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Blind Optimism | The Lineup



Over three years, friends and creative collaborators Daniela Laborinho Schwartz and Lukas Olesinski created a 100-page coffee table book from scratch that showcases the intricate lives of long-term Isla Vista (IV) surfers. Started while college students at UCSB, the two learned many unexpected new skills to publish the book on their own. Thus far, they’ve sold nearly 500 copies and have their book in shops near Santa Barbara and throughout the California coast. Learn about the process in the story below. 



In December of 2023, Lukas and I drove to an LA port warehouse to pick up 50 boxes of our freshly printed books. Surrounded by 30 semi-trailers in a massive parking lot that contained all kinds of cargo, we waited for our boxes and merely hoped our two SUVs could fit the books. 

Isla Vista (IV) (2021)

Kevin and Bela Lafferty and Chicho, Isla Vista (Jan 2022)

Lesson 1: When creating a book for the first time from scratch, you quickly realize blind optimism is your best friend. 


Inside those boxes was The Lineup, a 100-page coffee table book created by Lukas Olesinksi and me about the relationship longstanding surfers form with their coastal community. It started with a shared curiosity between two friends about who the “locals” really are in a town of 97 percent college-aged kids. So we banned together, an aspiring writer and photographer, to create something tangible that shares untold stories of IVs surfers. Little did we know where the idea would take us—we were simply excited to create something special for us and our community. 


Our first step was finding sources. Some surfers we already knew through countless overlapping surf sessions, and others we met through sheer curiosity. Early one morning, when Donna was walking back up the Dreamies staircase with her board under her arm, I gathered my confidence and asked her, “Have you been surfing here awhile?” That was the first of many times I asked that question.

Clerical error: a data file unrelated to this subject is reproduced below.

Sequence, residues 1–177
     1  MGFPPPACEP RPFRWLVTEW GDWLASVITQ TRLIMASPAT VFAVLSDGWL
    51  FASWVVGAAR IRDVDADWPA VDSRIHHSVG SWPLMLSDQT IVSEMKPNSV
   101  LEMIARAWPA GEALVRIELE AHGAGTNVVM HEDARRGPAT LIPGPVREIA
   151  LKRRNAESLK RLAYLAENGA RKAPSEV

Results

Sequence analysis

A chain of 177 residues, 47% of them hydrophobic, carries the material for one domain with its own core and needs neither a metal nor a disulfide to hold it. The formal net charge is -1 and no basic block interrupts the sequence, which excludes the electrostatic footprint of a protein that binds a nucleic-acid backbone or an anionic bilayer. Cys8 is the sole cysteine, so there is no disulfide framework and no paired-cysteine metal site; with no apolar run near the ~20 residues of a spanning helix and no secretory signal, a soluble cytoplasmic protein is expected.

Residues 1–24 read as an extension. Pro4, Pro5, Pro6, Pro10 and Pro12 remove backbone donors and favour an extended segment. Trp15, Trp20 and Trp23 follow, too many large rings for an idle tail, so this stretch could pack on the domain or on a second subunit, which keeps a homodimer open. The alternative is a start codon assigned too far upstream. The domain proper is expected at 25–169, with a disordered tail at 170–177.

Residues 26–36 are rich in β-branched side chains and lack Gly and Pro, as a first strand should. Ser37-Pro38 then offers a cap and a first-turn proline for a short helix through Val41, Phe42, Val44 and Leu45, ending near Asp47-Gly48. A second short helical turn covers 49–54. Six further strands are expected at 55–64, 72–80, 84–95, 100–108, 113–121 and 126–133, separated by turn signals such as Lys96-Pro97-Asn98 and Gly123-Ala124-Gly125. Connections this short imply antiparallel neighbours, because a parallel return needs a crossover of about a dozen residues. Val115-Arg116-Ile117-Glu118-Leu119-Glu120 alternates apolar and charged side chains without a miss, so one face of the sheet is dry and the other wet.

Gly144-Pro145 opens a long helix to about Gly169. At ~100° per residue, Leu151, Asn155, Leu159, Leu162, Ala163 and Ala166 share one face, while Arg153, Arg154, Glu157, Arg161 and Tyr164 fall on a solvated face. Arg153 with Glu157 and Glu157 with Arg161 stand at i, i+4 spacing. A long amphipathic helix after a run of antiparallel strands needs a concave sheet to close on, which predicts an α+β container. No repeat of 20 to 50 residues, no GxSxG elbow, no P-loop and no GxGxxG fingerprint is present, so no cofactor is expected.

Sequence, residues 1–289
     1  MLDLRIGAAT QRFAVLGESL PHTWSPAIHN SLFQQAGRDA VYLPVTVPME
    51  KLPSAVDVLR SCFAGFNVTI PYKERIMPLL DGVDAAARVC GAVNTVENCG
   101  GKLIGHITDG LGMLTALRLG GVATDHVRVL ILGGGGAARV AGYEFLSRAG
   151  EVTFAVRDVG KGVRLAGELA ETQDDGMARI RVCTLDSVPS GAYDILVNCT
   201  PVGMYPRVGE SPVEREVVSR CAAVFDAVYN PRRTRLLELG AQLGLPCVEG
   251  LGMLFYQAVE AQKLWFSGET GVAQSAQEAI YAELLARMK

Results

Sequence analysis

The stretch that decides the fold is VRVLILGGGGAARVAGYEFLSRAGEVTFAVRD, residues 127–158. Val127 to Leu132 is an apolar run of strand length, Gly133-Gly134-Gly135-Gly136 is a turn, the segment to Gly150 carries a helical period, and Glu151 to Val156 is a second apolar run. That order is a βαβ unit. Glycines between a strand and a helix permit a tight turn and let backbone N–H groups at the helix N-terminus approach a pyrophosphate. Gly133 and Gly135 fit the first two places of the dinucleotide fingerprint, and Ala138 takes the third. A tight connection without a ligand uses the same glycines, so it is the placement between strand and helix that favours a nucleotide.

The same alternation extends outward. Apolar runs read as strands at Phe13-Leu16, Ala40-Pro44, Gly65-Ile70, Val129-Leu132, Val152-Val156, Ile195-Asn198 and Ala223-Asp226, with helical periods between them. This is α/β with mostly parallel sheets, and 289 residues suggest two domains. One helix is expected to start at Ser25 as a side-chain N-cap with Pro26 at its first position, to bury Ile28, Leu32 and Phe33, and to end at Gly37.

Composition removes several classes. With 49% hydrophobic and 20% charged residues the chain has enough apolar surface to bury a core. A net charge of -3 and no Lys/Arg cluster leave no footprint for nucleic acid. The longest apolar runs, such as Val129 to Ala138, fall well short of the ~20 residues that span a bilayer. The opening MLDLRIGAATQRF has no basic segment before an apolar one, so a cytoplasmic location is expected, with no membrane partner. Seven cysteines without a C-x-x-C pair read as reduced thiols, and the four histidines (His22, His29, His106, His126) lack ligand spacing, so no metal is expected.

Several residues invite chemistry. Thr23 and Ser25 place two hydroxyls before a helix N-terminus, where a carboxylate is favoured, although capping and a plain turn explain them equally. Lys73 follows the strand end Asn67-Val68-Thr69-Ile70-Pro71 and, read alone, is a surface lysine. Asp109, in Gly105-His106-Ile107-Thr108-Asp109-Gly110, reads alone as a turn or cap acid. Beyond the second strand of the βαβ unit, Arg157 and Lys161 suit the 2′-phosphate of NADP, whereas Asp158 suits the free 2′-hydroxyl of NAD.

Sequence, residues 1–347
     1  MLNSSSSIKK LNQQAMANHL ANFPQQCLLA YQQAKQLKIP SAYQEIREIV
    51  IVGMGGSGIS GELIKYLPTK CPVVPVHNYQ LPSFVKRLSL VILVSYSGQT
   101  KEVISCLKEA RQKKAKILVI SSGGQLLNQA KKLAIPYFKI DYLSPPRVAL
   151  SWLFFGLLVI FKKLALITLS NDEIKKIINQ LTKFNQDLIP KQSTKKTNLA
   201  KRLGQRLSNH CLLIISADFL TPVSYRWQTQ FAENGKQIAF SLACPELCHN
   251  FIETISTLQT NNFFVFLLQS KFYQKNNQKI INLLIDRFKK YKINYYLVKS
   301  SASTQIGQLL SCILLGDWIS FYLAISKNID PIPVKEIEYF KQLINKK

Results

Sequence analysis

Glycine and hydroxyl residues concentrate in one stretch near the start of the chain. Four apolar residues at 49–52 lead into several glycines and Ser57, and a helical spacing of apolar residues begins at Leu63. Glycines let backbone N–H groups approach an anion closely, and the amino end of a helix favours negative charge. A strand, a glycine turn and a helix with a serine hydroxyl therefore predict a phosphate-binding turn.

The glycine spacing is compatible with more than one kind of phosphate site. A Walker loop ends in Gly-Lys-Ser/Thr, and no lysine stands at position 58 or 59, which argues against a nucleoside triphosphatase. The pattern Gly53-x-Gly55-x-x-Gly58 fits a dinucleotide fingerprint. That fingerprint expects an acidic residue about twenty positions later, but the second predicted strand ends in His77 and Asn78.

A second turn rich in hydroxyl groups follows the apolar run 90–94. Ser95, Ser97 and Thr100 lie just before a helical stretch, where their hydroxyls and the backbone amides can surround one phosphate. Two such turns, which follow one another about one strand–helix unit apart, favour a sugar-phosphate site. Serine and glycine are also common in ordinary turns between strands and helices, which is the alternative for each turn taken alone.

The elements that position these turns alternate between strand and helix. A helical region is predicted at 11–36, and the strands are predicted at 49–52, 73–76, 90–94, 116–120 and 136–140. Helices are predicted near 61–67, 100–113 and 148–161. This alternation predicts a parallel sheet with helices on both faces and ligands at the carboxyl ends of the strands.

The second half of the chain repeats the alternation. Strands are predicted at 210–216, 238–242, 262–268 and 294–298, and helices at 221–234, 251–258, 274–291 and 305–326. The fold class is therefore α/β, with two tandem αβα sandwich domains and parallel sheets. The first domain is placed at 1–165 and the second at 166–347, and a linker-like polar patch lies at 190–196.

Mila Berntsen surfing Devereux (2021)

Aaron Howard, Isla Vista (Feb 2022)

Shae Walker, Isla Vista (Feb 2022)

Lesson 2: Asking a surfer about surfing will almost always lead to more conversations, and for my sake, more potential interviewees. 


Next, we organized photoshoots, began writing and captured the stories. Lukas photographed each surfer in a location that symbolized home with their favorite board in hand. He chose a golden hour, sunrise, or landscape that could rightfully convey the surfer’s connection to IV. Meanwhile, as the stories progressed and begged to be reviewed, I turned to my friend and personal favorite wordsmith Ella DeAmaral to copy-edit my words into publishable material. Ella rocks!


Lori Givans, Julie Schneiderman, and Donna Davirro at Devereux (2021)

Lesson 3: When creating a book from scratch, it’s quite awesome to have tons of smart and talented college friends around to support and encourage you. 


Each week, when we thought we were nearing the end of our project–hah–we discovered another step involved. And as these months progressed, Lukas’ and my goals changed. We wanted to do the sources, the project, and the time spent justice so we decided to go even bigger and make our zine into a coffee table book.  


The Lineup became our priority, often trumping other plans. We spent countless nights staring deeply into Lukas’ monitor deciding which of our 50 cover options would be the one. If a picture’s worth a thousand words, I promise you, font and color choice are worth a couple thousand more. On one occasion, while temporarily living in San Francisco, I dropped everything and drove six hours south when Lukas informed me that the elusive Randall Stoker was spotted back in IV.  While our curiosity to tell a few Isla Vistans’ stories fueled a joint passion for creativity and storytelling, the interest and enthusiasm of those we interviewed helped fuel our seemingly endless endeavor.


MJ Butts, Isla Vista (April 2022)

But, when we transitioned from bookmakers to book publishers, we entered unchartered waters. It was high time to ask our good friend “blind optimism” for guidance. We dove head first into printing protocols and fundraising tactics. We researched various surf-related publishers and talked to the famous Santa Barbara publisher, Tom Adler, for advice. If we wanted to maintain our envisioned design and quality standards, we needed to self-publish the book making our next task relatively straightforward: raise $14,000. 



Lesson 4: Kickstarter rocks. 


After some heavy debate and research, we chose to do a month-long, all-or-nothing Kickstarter campaign to kick off our marketing and crowdfunding careers. Having a limited timeline was as terrifying as it was strategic; we were fired up. We told everyone we knew about the project and asked anyone remotely interested to consider pre-ordering a book. When we weren’t at our day jobs, we were running around Santa Barbara sticking fliers onto phone poles. If my day didn’t start and end with another email, then something felt wrong. With varying degrees of success, we pitched to surf shops and boutiques why our first-ever passion project deserved a spot on their shelves. Via Instagram, emails, listservs, family, and friends, we kept spreading until a class of ‘88 UCSB alumni and my distant relative in France knew about the book.